Like many others, I spent a lot of time while applying to business schools talking to current MBA students and alumni. I talked to them about all sorts of different topics and got many differing opinions throughout my conversations. That said, there was one thing that literally every one of them told me at some point or another during our conversation, “You better have all of your priorities straight because the experience will fly by and you will be overwhelmed by the amount of different opportunities.” I didn’t really understand what this meant. As a very busy young professional, I couldn’t imagine quite how different MBA life would be from working life. I mean, I had gone to undergrad and had been a student before; how different could graduate school be?
The reality is that student life as a grad student is incredibly different from undergrad. What really caught me off guard was how much I had forgotten what being a student was like during my first few years of work. I had become a “one-track” person during my first few years out of school. While I could think about many different things throughout the day, I had gotten good at concentrating on one thing at a time for several hours before switching to the next. I had a clear division between work priorities and home priorities. A typical day during my professional life would be to leave my apartment around 6 am, drive to work, maybe get a workout in beforehand, and then get home around 6:30/7pm. When I got home, I would have dinner with my wife or have some plans with friends, and then the next day would be the same. In comparison, here is what a typical Monday looked like for me this quarter (and this is during COVID when social plans are minimized…):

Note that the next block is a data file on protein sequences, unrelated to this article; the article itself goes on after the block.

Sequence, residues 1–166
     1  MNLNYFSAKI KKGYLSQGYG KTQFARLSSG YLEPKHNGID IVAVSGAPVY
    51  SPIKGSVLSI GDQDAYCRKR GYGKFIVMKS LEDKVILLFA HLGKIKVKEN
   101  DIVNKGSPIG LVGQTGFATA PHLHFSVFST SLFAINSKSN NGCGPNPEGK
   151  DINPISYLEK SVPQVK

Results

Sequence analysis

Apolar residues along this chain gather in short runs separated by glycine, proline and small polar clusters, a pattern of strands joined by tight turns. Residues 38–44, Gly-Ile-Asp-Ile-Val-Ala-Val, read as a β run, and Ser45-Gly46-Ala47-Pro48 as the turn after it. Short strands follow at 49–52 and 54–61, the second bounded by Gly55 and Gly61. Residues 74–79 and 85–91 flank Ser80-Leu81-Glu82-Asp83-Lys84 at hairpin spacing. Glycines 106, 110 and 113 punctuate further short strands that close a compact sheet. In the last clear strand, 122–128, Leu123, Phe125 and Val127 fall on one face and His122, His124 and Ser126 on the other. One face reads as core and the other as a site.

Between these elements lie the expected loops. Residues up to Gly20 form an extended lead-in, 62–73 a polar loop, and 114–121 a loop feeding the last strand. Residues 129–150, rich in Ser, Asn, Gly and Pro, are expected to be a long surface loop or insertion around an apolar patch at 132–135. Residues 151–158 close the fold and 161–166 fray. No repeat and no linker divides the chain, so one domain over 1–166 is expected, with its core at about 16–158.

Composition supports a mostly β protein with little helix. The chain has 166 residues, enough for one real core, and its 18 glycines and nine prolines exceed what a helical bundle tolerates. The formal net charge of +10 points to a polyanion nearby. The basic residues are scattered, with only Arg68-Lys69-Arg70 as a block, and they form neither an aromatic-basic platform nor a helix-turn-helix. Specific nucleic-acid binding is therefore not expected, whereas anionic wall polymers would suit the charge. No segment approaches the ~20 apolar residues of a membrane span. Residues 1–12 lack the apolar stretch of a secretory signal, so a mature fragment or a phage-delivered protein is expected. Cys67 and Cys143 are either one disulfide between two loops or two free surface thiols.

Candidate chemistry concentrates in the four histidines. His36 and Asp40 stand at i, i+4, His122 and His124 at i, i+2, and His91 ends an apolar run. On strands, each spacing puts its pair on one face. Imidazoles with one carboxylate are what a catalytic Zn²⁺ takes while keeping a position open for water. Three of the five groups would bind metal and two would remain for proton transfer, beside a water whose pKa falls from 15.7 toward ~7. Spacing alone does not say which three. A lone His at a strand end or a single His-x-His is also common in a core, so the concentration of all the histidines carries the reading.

- 7:30 am: Wake Up
- 8 – 9 am: Read a case for Corporation Finance
- 9 – 10 am: 1Y Resume Reviews
- 10 – 10:30 am: Booth Coffee Club Co-Chair Meeting
- 10:30 – 11:30 am: Reading time to catch up on classes
- 11:30 – 1 pm: Workout and Lunch (or Lunch and Learn with a Speaker)
- 1 – 2 pm: Watch Pre-recorded Lectures for Managerial Decision Making
- 2 – 3 pm: Meet with my Corporation Finance Group
- 3 – 4:30 pm: Managerial Decision Making Lecture
- 5 – 6 pm: Talk with prospective students or 1Ys about recruiting
- 6 – 9 pm: Dinner – extra time if were eating (socially distant) with others
- 9 – 10 pm: Read Competitive Strategy Cases
The point is, days are much more modular as a student again and getting used to this can be stressful. Add in social events almost every day (in non-COVID times), case competitions, speakers or recruiting events during lunch and the evening and I could be focusing on over 10 different things every day. The key to getting used to this for me has been to have an up-to-date calendar and a solid to-do list. On top of that, prioritizing what you want to use your MBA experience to accomplish is important (tradeoffs between recruiting, social life, and class for example). So, without trying to sound cliché, like the many people I spoke to while I was researching my MBA, make sure you prioritize what you want to do and how you want to do it, because the experience will blow by.